(Bloomberg) -- Taiwan President Tsai Ing-wen apologized for a second time in a week over sexual harassment allegations involving the ruling Democratic Progressive Party, after one of her policy advisers resigned following accusations being made against him.

“As the President and former DPP chair, I’d like to apologize to the public again with the development of sexual harassment incidents by former party workers,” Tsai, Taiwan’s first female president, said in her Facebook post late Tuesday. “We’ve also seen such cases are everywhere, not only in the DPP or other political parties, but also in workplaces of society and neighborhoods.”

READ MORE: Taiwan’s DPP Apologizes in #MeToo Case as Tsai Backs Probe

The allegations come at an inopportune time for the DPP, with just over half a year before Taiwanese voters are set to elect a new president. It has been hard, though, for Taiwan’s opposition Kuomintang Party to capitalize because harassment accusations against two of its lawmakers have also been in the news recently.

Yan Chih-fa, Tsai’s national policy adviser, resigned Tuesday after a former worker at an organization supporting Tsai accused him of sexual harassment, according to the Central News Agency, Taiwan’s national news service.  Yan, who has denied the allegations, has vowed to cooperate in an investigation to clear his name, CNA reported, citing a statement from him.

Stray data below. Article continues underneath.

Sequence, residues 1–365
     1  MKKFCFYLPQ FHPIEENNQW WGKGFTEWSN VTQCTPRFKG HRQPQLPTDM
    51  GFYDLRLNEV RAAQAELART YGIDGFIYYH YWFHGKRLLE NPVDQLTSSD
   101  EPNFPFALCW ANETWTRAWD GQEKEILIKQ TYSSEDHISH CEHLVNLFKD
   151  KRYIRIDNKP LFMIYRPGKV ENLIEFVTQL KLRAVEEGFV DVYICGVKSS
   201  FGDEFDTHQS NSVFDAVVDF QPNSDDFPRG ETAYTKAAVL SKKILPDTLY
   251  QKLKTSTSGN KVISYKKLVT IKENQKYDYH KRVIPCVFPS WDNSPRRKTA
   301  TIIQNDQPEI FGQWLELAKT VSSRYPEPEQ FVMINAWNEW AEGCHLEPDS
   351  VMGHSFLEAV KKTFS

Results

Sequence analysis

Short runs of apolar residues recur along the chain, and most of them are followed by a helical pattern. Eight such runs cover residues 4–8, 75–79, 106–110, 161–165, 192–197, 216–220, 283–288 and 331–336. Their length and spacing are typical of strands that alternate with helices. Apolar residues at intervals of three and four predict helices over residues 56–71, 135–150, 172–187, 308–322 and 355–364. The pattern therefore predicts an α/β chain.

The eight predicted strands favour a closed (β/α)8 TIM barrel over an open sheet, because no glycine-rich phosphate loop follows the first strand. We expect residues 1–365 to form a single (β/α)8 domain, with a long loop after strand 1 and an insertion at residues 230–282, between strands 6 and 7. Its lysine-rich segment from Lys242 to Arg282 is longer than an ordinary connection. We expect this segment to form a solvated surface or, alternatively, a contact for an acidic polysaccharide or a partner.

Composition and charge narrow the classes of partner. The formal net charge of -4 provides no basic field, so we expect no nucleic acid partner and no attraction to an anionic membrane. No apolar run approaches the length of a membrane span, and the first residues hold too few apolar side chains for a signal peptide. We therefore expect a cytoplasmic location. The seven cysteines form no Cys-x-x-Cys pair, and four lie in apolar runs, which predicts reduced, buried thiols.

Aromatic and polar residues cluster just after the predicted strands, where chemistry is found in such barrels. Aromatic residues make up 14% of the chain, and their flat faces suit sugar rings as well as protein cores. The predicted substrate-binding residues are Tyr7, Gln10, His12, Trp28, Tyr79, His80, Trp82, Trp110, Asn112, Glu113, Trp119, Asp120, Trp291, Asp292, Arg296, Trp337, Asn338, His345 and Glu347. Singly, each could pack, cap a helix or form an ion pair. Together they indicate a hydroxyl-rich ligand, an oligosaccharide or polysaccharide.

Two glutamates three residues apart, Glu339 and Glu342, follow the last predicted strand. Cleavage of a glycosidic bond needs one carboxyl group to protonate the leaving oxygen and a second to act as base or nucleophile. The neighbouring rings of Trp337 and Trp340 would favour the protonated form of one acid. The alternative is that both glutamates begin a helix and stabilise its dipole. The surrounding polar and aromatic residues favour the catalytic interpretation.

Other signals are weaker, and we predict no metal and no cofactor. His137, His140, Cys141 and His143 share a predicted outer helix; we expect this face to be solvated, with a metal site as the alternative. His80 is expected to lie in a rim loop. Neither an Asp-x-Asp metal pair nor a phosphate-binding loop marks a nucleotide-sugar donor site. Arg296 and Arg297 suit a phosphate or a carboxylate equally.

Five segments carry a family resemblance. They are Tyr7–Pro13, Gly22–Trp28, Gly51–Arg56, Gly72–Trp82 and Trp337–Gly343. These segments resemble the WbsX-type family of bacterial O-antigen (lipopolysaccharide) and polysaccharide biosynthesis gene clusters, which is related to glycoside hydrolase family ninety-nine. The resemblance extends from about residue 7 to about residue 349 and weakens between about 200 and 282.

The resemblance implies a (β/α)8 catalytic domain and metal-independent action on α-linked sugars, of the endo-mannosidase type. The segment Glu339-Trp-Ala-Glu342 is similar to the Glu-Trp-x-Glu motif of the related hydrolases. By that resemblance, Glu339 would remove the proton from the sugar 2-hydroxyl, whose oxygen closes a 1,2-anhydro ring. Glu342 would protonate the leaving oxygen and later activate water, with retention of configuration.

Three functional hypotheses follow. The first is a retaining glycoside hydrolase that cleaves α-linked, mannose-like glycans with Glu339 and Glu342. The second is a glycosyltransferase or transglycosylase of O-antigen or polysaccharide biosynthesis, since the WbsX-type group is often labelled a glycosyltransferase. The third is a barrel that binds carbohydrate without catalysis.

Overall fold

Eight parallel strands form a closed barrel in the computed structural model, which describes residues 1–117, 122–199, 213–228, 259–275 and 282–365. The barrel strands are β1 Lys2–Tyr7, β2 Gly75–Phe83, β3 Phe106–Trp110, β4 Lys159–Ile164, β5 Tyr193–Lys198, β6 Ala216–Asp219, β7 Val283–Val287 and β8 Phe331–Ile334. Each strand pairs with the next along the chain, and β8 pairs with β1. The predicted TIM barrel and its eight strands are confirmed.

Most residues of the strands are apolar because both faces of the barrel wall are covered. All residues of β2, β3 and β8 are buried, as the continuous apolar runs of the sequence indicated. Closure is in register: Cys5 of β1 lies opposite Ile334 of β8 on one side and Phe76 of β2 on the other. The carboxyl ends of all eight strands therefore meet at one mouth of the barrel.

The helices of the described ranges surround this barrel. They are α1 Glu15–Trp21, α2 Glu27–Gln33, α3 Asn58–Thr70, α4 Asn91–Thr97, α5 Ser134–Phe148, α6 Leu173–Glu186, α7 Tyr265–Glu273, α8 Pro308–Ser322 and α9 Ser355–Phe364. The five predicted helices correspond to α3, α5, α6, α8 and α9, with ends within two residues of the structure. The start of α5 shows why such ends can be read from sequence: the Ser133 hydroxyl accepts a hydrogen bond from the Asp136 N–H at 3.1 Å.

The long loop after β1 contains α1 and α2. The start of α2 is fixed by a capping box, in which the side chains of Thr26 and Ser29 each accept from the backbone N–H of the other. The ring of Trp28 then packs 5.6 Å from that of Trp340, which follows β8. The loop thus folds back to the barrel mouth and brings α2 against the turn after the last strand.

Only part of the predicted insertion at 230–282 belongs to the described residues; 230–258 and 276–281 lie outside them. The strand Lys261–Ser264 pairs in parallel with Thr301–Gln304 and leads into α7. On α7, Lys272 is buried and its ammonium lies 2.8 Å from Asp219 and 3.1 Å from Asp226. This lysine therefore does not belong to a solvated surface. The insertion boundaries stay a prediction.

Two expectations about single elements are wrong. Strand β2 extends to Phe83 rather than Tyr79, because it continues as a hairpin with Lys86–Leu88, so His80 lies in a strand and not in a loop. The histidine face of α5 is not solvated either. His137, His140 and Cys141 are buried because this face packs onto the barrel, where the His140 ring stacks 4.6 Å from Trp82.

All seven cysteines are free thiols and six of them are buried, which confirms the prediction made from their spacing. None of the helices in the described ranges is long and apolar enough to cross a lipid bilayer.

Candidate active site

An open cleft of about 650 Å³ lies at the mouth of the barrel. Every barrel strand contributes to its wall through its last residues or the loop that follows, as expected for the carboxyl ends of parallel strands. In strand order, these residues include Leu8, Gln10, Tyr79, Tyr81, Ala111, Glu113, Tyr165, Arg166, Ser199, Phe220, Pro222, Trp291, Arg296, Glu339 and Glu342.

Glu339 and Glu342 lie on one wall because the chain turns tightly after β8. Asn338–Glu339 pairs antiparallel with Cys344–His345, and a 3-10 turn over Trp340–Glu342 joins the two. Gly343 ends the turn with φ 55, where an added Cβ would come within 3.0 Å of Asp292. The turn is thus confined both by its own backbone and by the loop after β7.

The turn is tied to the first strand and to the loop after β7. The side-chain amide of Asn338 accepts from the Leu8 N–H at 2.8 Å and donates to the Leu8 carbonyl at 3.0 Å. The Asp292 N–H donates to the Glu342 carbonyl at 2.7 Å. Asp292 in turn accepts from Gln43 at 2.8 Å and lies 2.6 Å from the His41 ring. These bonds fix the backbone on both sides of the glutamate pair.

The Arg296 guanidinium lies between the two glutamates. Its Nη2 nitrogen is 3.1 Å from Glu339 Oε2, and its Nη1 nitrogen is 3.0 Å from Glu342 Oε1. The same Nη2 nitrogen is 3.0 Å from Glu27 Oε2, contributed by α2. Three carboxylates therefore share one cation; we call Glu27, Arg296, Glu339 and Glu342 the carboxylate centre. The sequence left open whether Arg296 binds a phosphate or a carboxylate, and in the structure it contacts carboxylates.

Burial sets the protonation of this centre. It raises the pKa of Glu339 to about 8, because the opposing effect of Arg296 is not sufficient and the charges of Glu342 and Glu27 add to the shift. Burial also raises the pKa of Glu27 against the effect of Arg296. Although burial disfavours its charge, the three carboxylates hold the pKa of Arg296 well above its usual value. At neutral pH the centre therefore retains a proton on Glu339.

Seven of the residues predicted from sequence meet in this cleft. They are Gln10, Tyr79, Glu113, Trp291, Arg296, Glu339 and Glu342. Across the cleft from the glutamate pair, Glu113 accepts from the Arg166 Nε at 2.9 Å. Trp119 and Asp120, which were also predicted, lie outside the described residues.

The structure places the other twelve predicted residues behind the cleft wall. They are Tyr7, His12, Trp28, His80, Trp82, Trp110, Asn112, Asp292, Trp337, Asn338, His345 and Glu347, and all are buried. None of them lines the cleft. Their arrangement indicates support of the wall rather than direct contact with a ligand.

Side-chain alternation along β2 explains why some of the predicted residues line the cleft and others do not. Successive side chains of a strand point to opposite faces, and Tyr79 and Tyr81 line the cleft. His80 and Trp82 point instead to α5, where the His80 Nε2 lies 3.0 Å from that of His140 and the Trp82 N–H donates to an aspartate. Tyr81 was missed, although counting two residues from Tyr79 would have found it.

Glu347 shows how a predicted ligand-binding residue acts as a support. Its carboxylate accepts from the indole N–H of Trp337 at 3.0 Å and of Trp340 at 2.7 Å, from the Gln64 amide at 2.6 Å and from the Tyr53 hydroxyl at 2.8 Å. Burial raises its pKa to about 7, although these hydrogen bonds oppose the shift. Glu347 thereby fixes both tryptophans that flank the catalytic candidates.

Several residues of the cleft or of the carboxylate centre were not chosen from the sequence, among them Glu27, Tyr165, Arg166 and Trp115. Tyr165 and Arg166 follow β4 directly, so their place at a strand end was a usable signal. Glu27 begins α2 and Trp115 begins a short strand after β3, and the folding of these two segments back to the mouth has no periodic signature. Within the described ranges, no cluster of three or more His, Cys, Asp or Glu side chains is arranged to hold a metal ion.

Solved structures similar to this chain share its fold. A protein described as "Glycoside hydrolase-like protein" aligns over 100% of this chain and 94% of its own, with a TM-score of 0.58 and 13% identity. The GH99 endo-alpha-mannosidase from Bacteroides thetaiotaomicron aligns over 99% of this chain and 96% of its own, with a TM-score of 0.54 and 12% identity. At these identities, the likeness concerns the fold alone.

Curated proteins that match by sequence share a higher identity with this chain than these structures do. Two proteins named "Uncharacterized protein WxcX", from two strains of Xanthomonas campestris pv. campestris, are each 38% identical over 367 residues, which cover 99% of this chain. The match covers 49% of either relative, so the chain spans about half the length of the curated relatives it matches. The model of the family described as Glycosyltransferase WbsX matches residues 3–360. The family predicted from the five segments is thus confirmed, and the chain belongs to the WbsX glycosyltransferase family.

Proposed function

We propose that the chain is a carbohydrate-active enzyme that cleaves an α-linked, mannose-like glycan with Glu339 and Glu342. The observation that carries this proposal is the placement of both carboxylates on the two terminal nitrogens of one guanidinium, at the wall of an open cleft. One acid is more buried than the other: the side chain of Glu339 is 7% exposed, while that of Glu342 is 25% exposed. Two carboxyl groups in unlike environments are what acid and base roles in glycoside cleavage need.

In addition to the apology, Tsai said in her Facebook post that she had also asked Premier Chen Chien-jen to enact a broad reform plan for the government, including a review of and amendments to current gender equality rules, and the establishment of guidelines to handle sexual harassment complaints. Tsai will finish her second and final four-year term next May.

Recent polls have shown the DPP’s candidate to replace her - Lai Ching-te - leading the KMT’s candidate Hou Yu-ih.

The KMT has had to deal with #MeToo allegations as well. That includes accusations made against lawmaker Fu Kun-chi, who was former Hualien County chief. He has denied the allegations by a former reporter who accused him of sexual harassment in 2014, CNA reported Sunday.

Separately, on June 6, the Taipei District Court upheld a verdict against KMT lawmaker Chen Hsueh-sheng, finding him liable for sexually harassing DPP lawmaker Fan Yun during a physical altercation in 2020, according to the Taipei Times.

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